SHOCK: Mother Accused of Injecting Feces Into IV Line of Son With Cancer

mother child holding hands hospital

A woman in Indiana has been accused of an unthinkable crime. The mother of a 15-year-old boy, under treatment for leukemia, is accused of injecting feces into the boy's IV line. Hospital staff believe that the resulting illnesses caused the boy to miss the best window of opportunity to treat his leukemia.

The woman, 41-year-old teacher Tiffany Alberts, has been on leave from the local school district since her husband died in May. She has been charged with seven felonies and was issued a no-contact order.

According to court documents and a confession to police, the woman purposefully made her son's condition worse. Riley Hospital for Children, where the boy was being treated, launched a child abuse investigation on November 17 after he became violently ill for no apparent reason. Hospital staff told police that the boy completed his first round of leukemia treatment in September and went home, but returned a few days later with a high fever, vomiting, and severe diarrhea. Blood work revealed an infection that could not be explained by the symptoms and treatment for his leukemia.

Media reports detail the results of police questioning:

She allegedly first told investigators she injected water into her son’s IV to “flush the line” because the “medicine that was given to him burned,” the documents said.

But the woman allegedly later confessed, telling investigators she injected the boy’s IV with fecal matter several times since Nov. 13. She claimed she only did it to get her son moved to another unit at Riley, where she said treatment was better, the station reports.

Alberts was arrested and a judge issued a no-contact order, the station reports. The boy’s health has since improved, but he was hospitalized for months, underwent several surgeries and doctors worry they may have missed their best window to treat his leukemia. They say the boy would have died had he undergone cancer treatment while he still had the blood infection.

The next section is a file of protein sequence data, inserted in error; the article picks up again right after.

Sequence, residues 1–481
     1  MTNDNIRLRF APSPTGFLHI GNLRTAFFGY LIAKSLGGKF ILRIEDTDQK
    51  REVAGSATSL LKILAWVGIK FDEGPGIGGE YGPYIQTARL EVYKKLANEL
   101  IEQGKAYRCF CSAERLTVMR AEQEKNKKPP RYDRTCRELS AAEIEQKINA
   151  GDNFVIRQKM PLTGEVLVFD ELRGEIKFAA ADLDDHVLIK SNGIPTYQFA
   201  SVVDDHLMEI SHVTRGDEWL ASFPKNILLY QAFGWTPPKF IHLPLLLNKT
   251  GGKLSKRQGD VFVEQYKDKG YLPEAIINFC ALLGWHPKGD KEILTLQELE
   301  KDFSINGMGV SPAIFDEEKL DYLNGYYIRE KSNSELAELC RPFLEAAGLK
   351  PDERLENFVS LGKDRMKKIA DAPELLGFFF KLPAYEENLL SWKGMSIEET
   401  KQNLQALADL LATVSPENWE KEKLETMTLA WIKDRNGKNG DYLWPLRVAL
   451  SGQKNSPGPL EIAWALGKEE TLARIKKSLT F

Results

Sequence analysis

Local TV Station WTTV reported that the boy took a significant turn for the worse, causing the hospital to set up surveillance:

Records show the teen had high fevers and was vomiting almost every day.

Hospital staff grew suspicious because the boy was getting sicker, so he was moved to a room with surveillance cameras.

The cameras showed Alberts injecting her son’s IV with a substance from a syringe. Hospital staff tested the teen’s blood, which showed positive results for organisms normally found in stool.

Alberts claimed she did it so her son would get better treatment.

The hospital staff says the teen was so sick from the fecal injections that he was placed on a ventilator, had several surgeries and likely missed his chance to recover from leukemia.

At the risk of engaging in speculation, this horrible act brings to mind the psychological condition known as Munchausen by proxy, colloquially referred to as medical child abuse. The condition is defined as:

Munchausen by proxy syndrome (MBPS) is a relatively rare form of child abuse that involves the exaggeration or fabrication of illnesses or symptoms by a primary caretaker.

Also known as "medical child abuse," MBPS was named after Baron von Munchausen, an 18th-century German dignitary known for making up stories about his travels and experiences in order to get attention. "By proxy" indicates that a parent or other adult is making up or exaggerating symptoms in a child, not in himself or herself.

Munchausen by proxy syndrome is a mental illness and requires treatment.

About MBPS

In MBPS, an individual — usually a parent or caregiver— causes or fabricates symptoms in a child. The adult deliberately misleads others (particularly medical professionals), and may go as far as to actually cause symptoms in the child through poisoning, medication, or even suffocation. In most cases (85%), the mother is responsible for causing the illness or symptoms.

Usually, the cause of MBPS is a need for attention and sympathy from doctors, nurses, and other professionals. Some experts believe that it isn't just the attention that's gained from the "illness" of the child that drives this behavior, but also the satisfaction in deceiving individuals whom they consider to be more important and powerful than themselves.

Whatever the psychological condition of the mother, it's an unspeakable tragedy in a family that has endured more than its share of tragedies. Here's hoping the kid can defy the odds and overcome these incomprehensible setbacks.